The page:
Robert Hitchens has gone down in history as the man who was given the famous order to steer the Titanic away from the iceberg and failed. Following this, his falling out with the 'Unsinkable Molly Brown' over the actions of the lifeboats saw him branded a coward and his name indelibly tarnished. A key witness at both UK and British Inquiries, Robert returned to a livelihood where fellow crewmen considered him jinxed. But Robert had a long career and was a hardworking, ambitious seaman. A fisherman at 19, he quickly became a junior officer in the merchant navy and in 1910 was part of a remarkable salvage operation to re-float a 13,000 tonne liner. In the Second World War he was part of a cargo ship convoy on route to Africa where his ship dodged mines, U-boats and enemy aircraft. To Robert, being at sea was everything but the dark memories of the Titanic were never far away and in 1933 a failed murder attempt after a bitter feud nearly cost Robert his life. Here Robert's great-granddaughter Sally Nilsson seeks to set the record straight and reveal the true character of the man her family knew. This is one man's story of survival, betrayal and determination.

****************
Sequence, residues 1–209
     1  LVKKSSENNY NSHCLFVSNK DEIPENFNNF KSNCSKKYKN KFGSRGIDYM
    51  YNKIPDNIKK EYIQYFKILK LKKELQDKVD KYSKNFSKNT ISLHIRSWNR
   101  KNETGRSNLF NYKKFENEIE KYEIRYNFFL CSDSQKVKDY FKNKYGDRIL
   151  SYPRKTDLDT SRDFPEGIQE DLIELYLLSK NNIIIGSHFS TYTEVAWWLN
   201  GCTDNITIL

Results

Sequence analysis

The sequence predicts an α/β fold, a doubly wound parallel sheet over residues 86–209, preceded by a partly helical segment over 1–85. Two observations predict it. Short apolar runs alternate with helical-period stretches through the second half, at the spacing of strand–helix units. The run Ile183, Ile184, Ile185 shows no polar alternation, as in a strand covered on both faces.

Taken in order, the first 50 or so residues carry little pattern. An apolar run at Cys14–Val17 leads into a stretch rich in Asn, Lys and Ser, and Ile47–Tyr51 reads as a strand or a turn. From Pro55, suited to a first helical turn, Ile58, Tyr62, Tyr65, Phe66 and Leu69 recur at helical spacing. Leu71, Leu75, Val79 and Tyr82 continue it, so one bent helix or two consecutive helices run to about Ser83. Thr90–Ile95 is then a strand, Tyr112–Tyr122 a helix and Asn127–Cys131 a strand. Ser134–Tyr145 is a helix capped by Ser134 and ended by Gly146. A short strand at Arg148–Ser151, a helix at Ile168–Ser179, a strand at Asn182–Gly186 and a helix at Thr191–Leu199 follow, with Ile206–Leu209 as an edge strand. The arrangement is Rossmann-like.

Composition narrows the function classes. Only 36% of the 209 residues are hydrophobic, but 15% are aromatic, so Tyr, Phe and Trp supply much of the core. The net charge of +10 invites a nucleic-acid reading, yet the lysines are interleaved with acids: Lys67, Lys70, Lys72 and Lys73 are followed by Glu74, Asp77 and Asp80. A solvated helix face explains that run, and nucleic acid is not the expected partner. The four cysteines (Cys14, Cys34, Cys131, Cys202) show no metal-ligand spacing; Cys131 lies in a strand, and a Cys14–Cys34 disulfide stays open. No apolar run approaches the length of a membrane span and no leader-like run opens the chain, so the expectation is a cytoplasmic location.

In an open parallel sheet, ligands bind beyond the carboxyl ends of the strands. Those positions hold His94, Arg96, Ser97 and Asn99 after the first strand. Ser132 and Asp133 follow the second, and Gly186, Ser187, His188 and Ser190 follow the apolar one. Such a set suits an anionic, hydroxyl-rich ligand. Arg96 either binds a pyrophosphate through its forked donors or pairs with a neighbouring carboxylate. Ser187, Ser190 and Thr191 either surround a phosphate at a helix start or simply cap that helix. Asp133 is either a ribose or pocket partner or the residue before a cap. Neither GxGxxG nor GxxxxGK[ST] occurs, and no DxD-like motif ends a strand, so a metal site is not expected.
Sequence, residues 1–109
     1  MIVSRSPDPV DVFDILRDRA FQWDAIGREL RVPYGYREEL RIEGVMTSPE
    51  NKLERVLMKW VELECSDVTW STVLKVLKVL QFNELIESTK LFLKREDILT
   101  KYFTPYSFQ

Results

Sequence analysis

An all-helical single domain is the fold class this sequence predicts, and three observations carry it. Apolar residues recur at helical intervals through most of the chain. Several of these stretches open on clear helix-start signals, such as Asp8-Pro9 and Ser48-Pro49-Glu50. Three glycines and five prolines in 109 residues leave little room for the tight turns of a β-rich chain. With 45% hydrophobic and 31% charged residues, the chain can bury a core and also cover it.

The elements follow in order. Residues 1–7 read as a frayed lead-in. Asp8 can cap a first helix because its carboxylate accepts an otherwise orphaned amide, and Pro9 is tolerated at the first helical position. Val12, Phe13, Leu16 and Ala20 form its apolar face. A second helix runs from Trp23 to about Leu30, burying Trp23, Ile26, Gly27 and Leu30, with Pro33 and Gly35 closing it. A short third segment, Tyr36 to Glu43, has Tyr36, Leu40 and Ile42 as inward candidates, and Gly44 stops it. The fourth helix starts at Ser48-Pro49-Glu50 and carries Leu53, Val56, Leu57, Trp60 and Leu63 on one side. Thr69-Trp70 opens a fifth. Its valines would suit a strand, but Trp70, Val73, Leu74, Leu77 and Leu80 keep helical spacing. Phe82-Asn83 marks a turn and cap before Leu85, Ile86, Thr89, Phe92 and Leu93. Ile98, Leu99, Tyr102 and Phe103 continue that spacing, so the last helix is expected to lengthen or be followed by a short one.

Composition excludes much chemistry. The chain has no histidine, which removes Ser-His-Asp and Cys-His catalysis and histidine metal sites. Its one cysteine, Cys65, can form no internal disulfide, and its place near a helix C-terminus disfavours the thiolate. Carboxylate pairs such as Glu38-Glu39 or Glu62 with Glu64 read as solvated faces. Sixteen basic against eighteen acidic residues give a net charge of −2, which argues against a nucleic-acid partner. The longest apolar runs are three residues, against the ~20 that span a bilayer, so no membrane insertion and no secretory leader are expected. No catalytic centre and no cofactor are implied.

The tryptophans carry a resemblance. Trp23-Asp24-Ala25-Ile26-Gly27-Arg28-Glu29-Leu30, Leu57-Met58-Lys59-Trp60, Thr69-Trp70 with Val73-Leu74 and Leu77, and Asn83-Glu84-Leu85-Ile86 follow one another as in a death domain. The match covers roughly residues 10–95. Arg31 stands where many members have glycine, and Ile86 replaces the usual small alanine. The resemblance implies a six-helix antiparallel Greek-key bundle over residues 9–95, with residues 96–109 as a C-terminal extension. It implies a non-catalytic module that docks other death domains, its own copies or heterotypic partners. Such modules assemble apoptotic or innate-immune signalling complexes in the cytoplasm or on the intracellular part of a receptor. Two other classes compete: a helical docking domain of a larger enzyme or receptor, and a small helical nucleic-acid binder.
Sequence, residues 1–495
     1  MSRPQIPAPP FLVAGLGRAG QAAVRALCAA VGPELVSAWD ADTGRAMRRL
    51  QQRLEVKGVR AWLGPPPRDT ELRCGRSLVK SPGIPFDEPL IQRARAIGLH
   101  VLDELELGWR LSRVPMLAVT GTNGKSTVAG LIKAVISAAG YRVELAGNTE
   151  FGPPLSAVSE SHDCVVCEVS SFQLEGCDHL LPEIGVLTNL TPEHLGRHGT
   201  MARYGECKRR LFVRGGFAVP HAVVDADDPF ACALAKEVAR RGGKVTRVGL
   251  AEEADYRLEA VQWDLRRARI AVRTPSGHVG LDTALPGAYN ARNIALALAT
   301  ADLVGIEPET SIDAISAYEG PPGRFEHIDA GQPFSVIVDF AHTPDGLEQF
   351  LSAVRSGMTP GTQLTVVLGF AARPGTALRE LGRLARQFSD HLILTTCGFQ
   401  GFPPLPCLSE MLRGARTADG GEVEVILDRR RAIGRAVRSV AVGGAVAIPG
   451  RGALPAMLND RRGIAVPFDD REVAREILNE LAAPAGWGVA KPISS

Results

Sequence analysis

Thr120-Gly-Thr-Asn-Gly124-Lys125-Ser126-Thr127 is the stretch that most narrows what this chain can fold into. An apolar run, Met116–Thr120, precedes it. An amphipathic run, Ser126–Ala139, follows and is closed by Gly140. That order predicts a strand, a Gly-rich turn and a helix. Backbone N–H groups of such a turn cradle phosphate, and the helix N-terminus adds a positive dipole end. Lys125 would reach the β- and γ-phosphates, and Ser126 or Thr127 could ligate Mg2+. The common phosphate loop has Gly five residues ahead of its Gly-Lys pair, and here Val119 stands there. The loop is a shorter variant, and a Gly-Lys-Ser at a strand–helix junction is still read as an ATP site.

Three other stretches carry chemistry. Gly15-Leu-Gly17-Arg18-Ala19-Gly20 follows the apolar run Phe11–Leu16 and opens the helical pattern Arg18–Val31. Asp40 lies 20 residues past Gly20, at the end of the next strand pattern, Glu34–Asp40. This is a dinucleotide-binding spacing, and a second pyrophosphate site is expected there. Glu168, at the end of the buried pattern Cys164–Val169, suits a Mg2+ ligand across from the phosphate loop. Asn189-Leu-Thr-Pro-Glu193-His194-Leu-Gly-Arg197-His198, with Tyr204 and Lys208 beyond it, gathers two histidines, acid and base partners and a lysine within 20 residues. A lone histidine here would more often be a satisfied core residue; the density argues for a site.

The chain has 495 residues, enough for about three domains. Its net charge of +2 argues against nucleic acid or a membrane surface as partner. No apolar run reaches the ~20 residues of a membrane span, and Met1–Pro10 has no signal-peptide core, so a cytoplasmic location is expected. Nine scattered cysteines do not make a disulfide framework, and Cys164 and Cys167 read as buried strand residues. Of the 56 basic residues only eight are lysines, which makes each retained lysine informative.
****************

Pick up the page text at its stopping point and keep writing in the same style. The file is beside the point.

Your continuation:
Man Who Sank Titanic
The History Press
The Troubled Life of Quartermaster Robert Hichens